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AKARNANIA,  Federal Coinage (Akarnanian Confederacy)

3rd century BCE 

Æ (20mm, 6.38 g, 10h)

Obv:  laureate head of Zeus right; API below

Rev:  head of river-god Achelӧos left; trident head above, monogram to left. Ref:  BCD Akarnania 32; HGC 4, 736

From the collection of Alexandre Carathéodory Pasha (1833-1906)

Alexandre Carathéodory Pasha


Alexandre Carathéodory Pasha (or Karatheodory; in Greek: Αλέξανδρος Καραθεοδωρή; 1833–1906) was a prominent Greek scholar, diplomat, and statesman in the Ottoman Empire. Carathéodory was born in Constantinople to an eminent Constantinople Phanariot family. His father, Stefanos Carathéodory, was the personal physician to Sultans Mahmud II and Abdul-Aziz. His mother’s ancestors, the Mavrocordatos and Mourousis, had for centuries served as Princes of Moldavia and Wallachia.


After obtaining a doctoral degree from the Paris Faculty of Law, Carathéodory pursued a career in the public service of the Ottoman Empire. In 1874, he was appointed ambassador to Rome. In 1878, as Vice Minister of Foreign Affairs, he participated in the preliminary negotiations with Russia that led to the Treaty of San Stefano, ending the Russo-Turkish War (1877-1878). Later that same year, Sultan Abdul-Hamid II dispatched Carathéodory to Germany as head of the Ottoman delegation to the Congress of Berlin. His skillful negotiations with various European statesmen, including Bismarck, Disraeli, Salisbury, and Gorchakov, resulted in the revision of the San Stefano peace terms in favor of the Ottoman Empire (Treaty of Berlin, 1878). Disraeli characterized Carathéodory as “full of finesse and yet calm and plausible.” During the Berlin negotiations, he had the opportunity to discover in his French counterpart, William-Henri Waddington, a common interest in ancient Greek culture and civilization. Waddington told Carathéodory of his archaeological pursuits and the collection of ancient coins he had assembled in Asia Minor.


Upon his return to Turkey, Carathéodory was appointed Governor-General of Crete with the task of calming the escalating tensions between the island’s Christian and Muslim inhabitants in a situation that was approaching civil war. Soon, however, he was called back to Constantinople, where he became Minister of Foreign Affairs of the Ottoman Empire (1878-1879). He was the only Greek to ever occupy such a prominent position. In 1884, the Sultan appointed him Prince of the autonomous Greek island of Samos (1885-1894). It is during those nine years, and inspired by Waddington’s enthusiasm for ancient coins, that he took up coin collecting and amassed the present collection.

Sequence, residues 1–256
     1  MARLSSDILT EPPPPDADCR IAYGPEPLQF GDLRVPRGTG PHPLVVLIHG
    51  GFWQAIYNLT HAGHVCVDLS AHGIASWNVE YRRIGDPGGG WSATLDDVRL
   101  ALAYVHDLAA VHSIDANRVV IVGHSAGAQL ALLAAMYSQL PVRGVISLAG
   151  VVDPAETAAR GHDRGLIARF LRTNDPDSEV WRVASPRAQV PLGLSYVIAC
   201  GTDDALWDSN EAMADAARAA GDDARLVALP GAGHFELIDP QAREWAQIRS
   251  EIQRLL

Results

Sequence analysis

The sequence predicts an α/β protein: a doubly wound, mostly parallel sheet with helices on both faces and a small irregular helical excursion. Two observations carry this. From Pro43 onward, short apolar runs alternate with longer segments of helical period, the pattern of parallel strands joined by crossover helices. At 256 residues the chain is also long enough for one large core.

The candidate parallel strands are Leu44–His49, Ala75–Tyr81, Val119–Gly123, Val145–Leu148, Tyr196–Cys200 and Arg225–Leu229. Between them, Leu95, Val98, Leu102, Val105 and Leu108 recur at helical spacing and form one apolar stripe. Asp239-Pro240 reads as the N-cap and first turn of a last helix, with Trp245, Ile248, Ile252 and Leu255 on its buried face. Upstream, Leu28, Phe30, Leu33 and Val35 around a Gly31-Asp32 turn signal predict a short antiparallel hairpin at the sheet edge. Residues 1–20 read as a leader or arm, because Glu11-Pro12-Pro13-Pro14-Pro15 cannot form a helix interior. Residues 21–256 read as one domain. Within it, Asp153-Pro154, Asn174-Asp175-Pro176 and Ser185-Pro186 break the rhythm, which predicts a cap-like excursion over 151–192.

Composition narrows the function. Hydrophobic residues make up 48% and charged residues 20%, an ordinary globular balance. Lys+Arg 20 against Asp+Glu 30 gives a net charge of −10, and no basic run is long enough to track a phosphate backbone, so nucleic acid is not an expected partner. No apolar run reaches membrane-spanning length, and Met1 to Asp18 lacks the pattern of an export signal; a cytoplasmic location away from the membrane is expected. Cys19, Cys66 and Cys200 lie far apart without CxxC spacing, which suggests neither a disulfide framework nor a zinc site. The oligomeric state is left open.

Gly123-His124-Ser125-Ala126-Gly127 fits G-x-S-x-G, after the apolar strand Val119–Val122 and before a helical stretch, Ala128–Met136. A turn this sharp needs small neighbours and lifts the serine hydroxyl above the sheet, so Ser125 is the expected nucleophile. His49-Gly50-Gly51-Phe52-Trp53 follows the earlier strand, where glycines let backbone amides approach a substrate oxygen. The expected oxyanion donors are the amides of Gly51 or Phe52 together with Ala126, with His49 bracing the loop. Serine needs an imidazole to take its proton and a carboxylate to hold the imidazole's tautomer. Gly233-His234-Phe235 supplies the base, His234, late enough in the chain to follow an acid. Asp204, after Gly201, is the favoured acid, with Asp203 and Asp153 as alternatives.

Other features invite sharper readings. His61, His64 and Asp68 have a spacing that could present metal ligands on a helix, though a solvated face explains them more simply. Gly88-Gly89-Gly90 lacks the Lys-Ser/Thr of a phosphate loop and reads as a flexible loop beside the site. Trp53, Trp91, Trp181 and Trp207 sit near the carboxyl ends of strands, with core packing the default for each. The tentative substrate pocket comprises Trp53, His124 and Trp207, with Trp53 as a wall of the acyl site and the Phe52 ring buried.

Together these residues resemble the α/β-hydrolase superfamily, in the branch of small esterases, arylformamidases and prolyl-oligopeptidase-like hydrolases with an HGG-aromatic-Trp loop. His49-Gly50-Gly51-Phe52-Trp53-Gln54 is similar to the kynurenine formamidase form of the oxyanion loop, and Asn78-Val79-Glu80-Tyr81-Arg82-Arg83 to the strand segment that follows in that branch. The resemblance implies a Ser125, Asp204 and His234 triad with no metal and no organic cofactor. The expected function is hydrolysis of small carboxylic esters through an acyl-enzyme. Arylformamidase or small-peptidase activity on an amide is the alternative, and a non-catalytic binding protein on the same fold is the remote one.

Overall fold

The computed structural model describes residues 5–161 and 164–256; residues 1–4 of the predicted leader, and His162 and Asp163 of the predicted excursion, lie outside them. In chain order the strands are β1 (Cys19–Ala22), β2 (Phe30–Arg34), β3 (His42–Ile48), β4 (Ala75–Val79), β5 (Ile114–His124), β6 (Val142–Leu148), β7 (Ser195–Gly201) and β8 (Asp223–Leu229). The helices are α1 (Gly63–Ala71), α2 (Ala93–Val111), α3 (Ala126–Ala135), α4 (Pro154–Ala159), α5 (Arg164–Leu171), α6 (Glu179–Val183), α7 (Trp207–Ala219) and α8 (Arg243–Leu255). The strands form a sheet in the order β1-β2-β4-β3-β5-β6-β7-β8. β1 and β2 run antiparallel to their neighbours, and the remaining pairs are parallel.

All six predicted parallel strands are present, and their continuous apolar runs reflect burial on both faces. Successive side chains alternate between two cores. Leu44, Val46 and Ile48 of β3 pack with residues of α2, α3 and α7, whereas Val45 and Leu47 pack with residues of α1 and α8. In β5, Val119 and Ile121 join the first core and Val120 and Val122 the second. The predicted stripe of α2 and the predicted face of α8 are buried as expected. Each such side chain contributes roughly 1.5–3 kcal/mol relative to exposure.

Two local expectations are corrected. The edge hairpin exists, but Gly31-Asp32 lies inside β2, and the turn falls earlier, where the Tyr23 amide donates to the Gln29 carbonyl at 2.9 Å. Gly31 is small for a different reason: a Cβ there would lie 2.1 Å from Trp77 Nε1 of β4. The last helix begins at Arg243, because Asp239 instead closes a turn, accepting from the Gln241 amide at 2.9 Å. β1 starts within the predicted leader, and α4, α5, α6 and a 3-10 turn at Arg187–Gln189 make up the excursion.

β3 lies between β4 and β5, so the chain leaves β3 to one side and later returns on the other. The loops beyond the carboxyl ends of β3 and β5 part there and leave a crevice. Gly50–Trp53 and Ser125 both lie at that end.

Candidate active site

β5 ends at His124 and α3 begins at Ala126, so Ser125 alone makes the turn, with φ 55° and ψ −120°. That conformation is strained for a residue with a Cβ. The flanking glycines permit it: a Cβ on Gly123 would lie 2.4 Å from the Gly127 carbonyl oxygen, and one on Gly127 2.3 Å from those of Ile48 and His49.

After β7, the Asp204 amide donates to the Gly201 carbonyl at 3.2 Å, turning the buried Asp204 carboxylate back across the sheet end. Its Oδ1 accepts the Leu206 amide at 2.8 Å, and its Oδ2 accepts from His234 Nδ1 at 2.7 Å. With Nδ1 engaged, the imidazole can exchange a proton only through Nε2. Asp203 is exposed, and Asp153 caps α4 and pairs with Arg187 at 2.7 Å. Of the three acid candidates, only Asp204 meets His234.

In addition to his political career and historical pursuits, Carathéodory translated from Arabic to French the Traité du Quadrilatère, attribué à Nassiruddin-El-Tussin, a seminal work on the mathematics of the 13th-century Persian astronomer. He also authored research papers and scholarly essays on Aristotle’s Meteorology, Homeric studies, as well as a series of mathematics theses that are still in use. Their shared interest in mathematics forged a bond with his nephew, Constantine Carathéodory, a professor of mathematics at the University of Munich, who contributed to the research of thermodynamics and the development of Albert Einstein’s theory of relativity (vide Encyclopaedia Britannica).


In 1895, amid renewed religious and social tensions in Crete, Abdul Hamid II appointed Carathéodory as Governor of the island for a second time. Unsuccessful once again in restoring order, Carathéodory resigned the post in December of the same year and was appointed First Translator to H.I.M. the Sultan. In his book, Constantinople, City of the World’s Desire, Philip Mansel notes that Abdul Hamid called Carathéodory “a man with remarkable ability, not only the cleverest diplomat in Turkey, but one of the cleverest in Europe.” In 1901, Carathéodory attended the funeral of Queen Victoria as a member of the Ottoman delegation. This was his last official assignment.


His funeral in 1906, in Constantinople, was officiated by the Patriarch and all the Holy Synod. It marked, according to Mansel, the end of the Phanariot tradition begun by his Mavrocordato ancestors. In 1923 his children and grandchildren left Turkey. Some of them settled in Greece, others in Egypt, Switzerland, and Belgium.


This coin was passed on to Catherine Pilavachi-Carathéodory, who was the daughter of Stefanos A. Carathéodory, the eldest son of Alexandre Carathéodory Pasha. Catherine and her family left Egypt for Lausanne, Switzerland in 1961.  It was inherited by Catherine’s son and Alexander’s great-grandson, Paul Pilavachi, who sold it to TIF via Classical Numismatic Group.


(from CNG auction catalog)

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